1936: Madikizela-Mandela is born in Mbongweni, Transkei, in the Eastern Cape.
1953: She moves to Johannesburg after being admitted at the Jan Hofmeyr School of Social Work.
1958: Madikizela-Mandela marries Nelson Mandela in Bizana in the Eastern Cape.
1959: She gives birth to her first child, Zenani.
1960: Madikizela-Mandela gives birth to her second daughter, Zindziswa.
1962: Madikizela-Mandela is banned by the apartheid government and her movements restricted to the magisterial district of Johannesburg. The order also stipulated that she is not permitted to be quoted in the media. This follows the arrest of her husband during the previous year.
1965: A severe banning order is handed to Madikizela-Mandela, limiting her movements and barring her from moving anywhere other than her neighbourhood of Orlando West.
1969: Madikizela-Mandela’s home is raided. She is arrested and kept in solitary confinement for 17 months. For the first 200 days she has no formal contact with any one, except for her interrogator Major Theunis Swanepoel, a notorious torturer.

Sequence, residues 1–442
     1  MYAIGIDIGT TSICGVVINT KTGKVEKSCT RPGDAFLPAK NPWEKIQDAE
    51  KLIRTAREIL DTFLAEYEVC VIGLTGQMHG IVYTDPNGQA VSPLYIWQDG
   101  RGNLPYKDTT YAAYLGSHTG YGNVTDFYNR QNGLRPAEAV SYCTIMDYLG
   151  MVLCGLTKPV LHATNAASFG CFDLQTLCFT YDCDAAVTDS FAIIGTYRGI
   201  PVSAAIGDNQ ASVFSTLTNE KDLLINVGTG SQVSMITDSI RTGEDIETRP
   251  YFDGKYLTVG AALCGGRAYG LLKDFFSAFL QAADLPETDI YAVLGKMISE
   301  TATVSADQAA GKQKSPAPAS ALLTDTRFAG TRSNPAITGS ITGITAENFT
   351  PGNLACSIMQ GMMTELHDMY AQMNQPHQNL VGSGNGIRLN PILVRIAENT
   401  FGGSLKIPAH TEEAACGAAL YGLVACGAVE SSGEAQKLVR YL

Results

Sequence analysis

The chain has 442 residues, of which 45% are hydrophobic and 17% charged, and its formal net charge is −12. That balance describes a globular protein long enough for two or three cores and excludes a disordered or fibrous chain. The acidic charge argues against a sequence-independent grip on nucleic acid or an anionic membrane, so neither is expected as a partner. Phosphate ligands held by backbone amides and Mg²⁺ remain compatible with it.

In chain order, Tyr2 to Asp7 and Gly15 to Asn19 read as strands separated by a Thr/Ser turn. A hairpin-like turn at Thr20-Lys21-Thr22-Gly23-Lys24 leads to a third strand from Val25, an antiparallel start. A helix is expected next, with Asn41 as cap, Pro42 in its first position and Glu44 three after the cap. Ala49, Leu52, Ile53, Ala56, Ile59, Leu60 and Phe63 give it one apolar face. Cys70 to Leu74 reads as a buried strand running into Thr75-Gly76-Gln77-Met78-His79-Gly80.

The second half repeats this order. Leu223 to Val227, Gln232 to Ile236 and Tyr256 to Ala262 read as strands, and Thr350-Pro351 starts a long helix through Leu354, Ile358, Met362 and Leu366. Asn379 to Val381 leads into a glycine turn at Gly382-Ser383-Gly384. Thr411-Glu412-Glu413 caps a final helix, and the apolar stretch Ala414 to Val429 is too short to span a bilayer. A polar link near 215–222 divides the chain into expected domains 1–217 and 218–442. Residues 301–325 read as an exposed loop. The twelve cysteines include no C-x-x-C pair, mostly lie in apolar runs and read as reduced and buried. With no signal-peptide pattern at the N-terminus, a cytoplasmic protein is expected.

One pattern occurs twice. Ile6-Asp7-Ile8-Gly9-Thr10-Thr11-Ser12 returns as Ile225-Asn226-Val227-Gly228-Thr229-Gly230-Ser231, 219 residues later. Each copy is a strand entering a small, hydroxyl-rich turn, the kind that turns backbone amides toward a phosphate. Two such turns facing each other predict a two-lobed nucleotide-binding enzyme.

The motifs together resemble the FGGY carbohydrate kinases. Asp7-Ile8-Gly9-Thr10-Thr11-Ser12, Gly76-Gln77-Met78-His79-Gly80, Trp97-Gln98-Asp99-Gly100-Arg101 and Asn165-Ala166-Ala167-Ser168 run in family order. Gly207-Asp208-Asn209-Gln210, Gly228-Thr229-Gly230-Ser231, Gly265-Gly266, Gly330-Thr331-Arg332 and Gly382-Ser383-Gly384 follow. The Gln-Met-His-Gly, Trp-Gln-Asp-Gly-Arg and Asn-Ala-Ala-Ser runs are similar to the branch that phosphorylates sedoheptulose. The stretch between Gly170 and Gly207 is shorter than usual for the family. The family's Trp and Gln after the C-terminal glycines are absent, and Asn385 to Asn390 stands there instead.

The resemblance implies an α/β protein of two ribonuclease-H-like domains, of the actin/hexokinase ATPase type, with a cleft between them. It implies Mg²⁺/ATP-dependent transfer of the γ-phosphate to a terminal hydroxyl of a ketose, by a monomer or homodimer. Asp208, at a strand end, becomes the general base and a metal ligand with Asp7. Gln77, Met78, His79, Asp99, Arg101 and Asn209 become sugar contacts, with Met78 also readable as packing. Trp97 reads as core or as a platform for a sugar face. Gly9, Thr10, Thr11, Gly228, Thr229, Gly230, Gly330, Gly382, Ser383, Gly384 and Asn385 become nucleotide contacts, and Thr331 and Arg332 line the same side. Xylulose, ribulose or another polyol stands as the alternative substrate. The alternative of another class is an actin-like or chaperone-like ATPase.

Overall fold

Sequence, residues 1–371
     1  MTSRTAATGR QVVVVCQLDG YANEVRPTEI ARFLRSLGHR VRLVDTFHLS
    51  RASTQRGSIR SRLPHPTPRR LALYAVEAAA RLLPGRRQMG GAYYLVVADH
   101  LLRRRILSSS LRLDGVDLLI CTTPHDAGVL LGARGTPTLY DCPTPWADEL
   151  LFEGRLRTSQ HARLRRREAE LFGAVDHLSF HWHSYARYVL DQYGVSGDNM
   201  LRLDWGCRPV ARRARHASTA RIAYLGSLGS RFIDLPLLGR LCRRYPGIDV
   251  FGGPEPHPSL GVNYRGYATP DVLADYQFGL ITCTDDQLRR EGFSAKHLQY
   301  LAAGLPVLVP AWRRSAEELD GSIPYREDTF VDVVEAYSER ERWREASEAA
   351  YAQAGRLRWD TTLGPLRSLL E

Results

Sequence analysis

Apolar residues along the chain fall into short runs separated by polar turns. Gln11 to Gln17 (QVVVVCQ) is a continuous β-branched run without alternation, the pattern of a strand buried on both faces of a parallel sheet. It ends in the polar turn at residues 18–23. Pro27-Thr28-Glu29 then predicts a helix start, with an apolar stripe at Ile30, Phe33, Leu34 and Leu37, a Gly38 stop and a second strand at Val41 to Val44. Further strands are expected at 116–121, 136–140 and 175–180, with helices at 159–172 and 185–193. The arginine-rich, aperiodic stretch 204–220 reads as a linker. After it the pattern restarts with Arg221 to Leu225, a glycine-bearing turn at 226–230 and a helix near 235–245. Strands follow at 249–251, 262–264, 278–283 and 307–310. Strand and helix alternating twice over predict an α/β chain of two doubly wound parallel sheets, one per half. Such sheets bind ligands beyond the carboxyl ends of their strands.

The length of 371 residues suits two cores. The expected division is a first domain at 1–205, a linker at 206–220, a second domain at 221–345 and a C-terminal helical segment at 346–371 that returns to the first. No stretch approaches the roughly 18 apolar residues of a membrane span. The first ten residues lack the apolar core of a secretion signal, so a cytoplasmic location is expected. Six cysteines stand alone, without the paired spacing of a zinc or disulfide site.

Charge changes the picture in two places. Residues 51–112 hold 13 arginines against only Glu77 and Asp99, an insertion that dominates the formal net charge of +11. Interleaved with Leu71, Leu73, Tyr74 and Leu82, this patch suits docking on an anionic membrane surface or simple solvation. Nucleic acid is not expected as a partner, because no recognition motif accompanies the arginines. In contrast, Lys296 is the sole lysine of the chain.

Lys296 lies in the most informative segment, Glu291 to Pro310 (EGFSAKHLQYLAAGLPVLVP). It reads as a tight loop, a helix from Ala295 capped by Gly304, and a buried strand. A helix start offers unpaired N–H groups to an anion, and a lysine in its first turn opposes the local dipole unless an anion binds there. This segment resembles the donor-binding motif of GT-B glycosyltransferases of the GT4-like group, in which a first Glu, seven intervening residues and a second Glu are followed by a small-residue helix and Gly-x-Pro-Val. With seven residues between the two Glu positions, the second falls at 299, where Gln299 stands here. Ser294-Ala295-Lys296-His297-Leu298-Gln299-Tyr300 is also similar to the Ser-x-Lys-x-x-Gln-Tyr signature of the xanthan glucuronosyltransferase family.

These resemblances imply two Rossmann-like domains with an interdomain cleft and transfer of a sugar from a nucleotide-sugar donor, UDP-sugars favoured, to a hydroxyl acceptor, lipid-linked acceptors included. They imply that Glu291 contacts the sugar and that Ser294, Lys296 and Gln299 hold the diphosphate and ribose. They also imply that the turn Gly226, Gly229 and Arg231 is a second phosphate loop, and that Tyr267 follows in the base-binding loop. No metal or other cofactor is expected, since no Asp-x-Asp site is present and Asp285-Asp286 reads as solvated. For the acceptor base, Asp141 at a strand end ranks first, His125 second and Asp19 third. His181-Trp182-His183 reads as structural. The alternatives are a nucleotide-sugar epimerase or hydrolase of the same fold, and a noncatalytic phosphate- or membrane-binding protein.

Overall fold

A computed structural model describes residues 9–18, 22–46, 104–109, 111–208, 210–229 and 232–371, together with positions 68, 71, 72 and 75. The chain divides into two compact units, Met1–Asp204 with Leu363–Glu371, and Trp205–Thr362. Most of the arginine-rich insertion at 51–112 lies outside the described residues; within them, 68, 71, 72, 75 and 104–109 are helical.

1973: Madikizela-Mandela is arrested again for meeting with another banned person, a photographer for Drum magazine, Peter Magubane. She is handed a 12-month sentence.
1977: Known as the year of the Brandfort banishment, Madikizela-Mandela is sent to the small town, 400 kilometres away from Johannesburg, for eight years.
1986: She returns to her home at 8115 Vilakazi Street, Orlando West, in Soweto. This was also the same year of the formation of the Mandela United Football Club (MUFC).
1990: Madikizela-Mandela is present when Nelson Mandela is released from Victor Verster Prison.
1992: She becomes President of the ANC Women’s League (ANCWL).
1994: She is appointed Deputy Minister of Arts, Culture, Science and Technology, but is dismissed the following year for allegations of financial mismanagement.
2016: Madikizela-Mandela celebrates her 80th birthday at a gala at Cape Town’s Mount Nelson Hotel with family, friends and colleagues,
including President Cyril Ramaphosa.
Additional information sourced from www.sahistory.org.za